The role of Tonio likewise has been an artistic vehicle for lyric tenors who can handle the nine high Cs in the joyful aria expressing his love for Marie. Luciano Pavarotti rose to fame with this role and is still the standard for tenors to measure up to.

This production is the SDO debut of Franco-Canadian conductor Yves Abel who has appeared at the major opera houses of Europe and America, most recently at the Metropolitan Opera. Another SDO debut is the stage director, Emilio Sagi of Madrid, Spain, who has staged this opera in an update to modern times at Washington D.C., Houston and Tel Aviv.

“Daughter of the Regiment” is sung in French with English text projected over the stage. Performances at the Civic Theatre are: 7 p.m., Saturday, Jan. 26, Tuesday, Jan. 29 and Friday, Feb. 1; and 2 p.m. Sunday, Feb. 3. For ticket information, call 619-533 7000 or visit www.sdopera.com.

Ford is a past president of San Diego Opera and supports the opera archive at San Diego State University.

Leave Your Comment

Comments are moderated by SDDT, in accordance with the SDDT Comment Policy, and may not appear on this commentary until they have been reviewed and deemed appropriate for posting. Also, due to the volume of comments we receive, not all comments will be posted.

SDDT Comment Policy: SDDT encourages you to add a comment to this discussion. You may not post any unlawful, threatening, defamatory, obscene, pornographic or other material that would violate the law. All comments should be relevant to the topic and remain respectful of other authors and commenters. You are solely responsible for your own comments, the consequences of posting those comments, and the consequences of any reliance by you on the comments of others. By submitting your comment, you hereby give SDDT the right, but not the obligation, to post, air, edit, exhibit, telecast, cablecast, webcast, re-use, publish, reproduce, use, license, print, distribute or otherwise use your comment(s) and accompanying personal identifying and other information you provide via all forms of media now known or hereafter devised, worldwide, in perpetuity. SDDT Privacy Statement.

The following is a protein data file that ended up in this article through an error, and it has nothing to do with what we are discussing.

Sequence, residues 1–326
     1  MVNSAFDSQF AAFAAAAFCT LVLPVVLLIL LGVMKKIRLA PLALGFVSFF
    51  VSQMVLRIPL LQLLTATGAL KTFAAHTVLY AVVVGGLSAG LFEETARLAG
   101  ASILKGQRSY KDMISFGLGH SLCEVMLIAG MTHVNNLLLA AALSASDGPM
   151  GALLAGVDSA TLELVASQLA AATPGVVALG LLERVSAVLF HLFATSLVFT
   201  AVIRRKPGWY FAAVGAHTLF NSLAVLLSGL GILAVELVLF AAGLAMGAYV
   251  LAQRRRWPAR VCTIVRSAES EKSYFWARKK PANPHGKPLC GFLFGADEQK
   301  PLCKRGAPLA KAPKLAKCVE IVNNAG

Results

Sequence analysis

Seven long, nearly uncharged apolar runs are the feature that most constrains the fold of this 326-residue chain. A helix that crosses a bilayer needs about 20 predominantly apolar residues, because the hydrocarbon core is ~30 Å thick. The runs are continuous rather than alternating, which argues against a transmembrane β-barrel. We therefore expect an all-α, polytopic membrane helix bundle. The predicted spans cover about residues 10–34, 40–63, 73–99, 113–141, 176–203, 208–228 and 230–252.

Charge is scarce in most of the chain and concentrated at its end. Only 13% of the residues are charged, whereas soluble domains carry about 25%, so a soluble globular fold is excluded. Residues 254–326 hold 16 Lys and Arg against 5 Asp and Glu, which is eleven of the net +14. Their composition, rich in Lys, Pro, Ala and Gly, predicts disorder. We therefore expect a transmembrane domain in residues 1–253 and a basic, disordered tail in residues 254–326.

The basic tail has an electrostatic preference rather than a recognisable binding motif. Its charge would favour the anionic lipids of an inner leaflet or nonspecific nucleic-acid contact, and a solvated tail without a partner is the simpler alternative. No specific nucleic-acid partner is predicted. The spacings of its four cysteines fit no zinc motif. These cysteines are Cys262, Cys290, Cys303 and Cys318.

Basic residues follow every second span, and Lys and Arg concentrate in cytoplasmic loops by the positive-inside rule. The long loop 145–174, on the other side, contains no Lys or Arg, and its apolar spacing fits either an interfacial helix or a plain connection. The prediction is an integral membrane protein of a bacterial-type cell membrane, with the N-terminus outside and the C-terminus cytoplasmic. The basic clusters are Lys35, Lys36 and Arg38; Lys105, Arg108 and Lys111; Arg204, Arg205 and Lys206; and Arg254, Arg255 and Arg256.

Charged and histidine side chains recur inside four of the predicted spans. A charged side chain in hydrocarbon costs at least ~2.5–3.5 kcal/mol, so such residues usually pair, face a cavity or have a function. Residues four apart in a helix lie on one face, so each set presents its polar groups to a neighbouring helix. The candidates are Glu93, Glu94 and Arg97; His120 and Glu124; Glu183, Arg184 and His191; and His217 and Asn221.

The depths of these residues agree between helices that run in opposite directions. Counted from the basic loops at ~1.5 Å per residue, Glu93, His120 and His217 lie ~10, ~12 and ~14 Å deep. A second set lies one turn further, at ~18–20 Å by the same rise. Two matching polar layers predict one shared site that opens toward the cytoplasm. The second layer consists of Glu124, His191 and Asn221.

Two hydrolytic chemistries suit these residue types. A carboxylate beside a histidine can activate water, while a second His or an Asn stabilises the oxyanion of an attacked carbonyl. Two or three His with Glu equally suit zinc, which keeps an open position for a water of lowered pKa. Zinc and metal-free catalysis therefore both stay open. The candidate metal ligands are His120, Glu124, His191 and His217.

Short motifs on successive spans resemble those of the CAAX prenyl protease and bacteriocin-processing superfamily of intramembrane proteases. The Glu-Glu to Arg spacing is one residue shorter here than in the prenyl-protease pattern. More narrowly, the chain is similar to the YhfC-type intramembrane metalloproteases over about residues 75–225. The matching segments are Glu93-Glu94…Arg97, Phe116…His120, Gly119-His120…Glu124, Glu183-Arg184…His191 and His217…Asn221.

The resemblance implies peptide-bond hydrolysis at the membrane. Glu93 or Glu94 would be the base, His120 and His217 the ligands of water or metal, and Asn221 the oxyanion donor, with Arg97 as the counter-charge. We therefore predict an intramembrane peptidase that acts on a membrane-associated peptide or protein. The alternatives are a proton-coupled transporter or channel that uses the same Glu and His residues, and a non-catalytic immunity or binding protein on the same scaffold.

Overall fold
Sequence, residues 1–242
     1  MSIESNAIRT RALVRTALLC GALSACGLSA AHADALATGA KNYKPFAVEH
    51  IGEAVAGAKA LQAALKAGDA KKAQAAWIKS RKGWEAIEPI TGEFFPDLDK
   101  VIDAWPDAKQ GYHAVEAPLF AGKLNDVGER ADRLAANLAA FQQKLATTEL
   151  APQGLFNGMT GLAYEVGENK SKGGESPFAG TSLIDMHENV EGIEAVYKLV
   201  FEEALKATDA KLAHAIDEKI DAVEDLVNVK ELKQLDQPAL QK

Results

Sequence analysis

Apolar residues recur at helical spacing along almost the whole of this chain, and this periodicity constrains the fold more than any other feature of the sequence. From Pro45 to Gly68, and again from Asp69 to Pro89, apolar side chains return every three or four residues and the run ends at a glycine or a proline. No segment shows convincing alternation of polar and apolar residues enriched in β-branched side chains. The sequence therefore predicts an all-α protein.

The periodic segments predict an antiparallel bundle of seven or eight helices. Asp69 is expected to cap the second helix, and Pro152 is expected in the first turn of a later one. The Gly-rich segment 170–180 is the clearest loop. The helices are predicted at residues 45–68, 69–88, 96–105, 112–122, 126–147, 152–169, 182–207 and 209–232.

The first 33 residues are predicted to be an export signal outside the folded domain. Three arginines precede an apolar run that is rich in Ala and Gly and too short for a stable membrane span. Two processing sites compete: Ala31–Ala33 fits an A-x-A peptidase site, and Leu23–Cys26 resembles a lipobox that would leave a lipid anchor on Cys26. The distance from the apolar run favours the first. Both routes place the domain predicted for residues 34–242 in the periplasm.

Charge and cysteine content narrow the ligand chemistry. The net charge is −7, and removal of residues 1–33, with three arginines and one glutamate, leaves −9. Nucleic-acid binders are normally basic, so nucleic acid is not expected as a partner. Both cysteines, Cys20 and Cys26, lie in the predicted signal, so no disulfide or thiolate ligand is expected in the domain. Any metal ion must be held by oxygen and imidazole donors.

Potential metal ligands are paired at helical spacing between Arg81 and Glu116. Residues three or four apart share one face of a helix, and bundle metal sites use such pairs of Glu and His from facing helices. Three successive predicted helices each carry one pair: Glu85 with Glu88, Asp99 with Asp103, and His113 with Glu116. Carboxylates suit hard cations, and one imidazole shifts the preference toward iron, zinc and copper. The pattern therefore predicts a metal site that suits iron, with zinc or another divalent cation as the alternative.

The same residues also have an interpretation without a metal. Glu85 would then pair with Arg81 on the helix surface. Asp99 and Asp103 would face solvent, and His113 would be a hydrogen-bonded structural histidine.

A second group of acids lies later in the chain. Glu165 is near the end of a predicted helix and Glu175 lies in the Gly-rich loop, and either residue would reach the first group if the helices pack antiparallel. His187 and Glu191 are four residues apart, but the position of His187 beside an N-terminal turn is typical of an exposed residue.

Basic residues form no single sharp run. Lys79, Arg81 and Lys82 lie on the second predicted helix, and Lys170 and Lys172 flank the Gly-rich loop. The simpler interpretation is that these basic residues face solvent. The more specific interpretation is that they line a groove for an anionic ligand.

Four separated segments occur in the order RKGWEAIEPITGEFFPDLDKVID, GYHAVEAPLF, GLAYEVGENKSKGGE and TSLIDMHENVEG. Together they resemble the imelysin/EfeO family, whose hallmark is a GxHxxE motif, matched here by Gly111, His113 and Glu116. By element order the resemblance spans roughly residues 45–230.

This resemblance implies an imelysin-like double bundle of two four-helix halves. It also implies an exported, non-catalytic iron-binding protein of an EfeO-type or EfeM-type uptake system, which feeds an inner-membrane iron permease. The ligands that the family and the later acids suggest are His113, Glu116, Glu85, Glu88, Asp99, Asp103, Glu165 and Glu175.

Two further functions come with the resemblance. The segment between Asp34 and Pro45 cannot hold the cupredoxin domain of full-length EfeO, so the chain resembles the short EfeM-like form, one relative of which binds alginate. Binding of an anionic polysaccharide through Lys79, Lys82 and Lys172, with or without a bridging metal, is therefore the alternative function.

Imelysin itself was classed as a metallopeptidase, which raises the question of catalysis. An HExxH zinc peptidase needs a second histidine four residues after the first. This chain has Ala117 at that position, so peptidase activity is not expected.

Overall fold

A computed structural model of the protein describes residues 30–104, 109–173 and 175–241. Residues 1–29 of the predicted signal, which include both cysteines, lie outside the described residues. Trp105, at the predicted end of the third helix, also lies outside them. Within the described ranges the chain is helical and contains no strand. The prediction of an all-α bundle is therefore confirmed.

User Response
0 UserComments

Leave Your Comment

Comments are moderated by SDDT, in accordance with the SDDT Comment Policy, and may not appear on this commentary until they have been reviewed and deemed appropriate for posting. Also, due to the volume of comments we receive, not all comments will be posted.

SDDT Comment Policy: SDDT encourages you to add a comment to this discussion. You may not post any unlawful, threatening, defamatory, obscene, pornographic or other material that would violate the law. All comments should be relevant to the topic and remain respectful of other authors and commenters. You are solely responsible for your own comments, the consequences of posting those comments, and the consequences of any reliance by you on the comments of others. By submitting your comment, you hereby give SDDT the right, but not the obligation, to post, air, edit, exhibit, telecast, cablecast, webcast, re-use, publish, reproduce, use, license, print, distribute or otherwise use your comment(s) and accompanying personal identifying and other information you provide via all forms of media now known or hereafter devised, worldwide, in perpetuity. SDDT Privacy Statement.

Subscribe Today!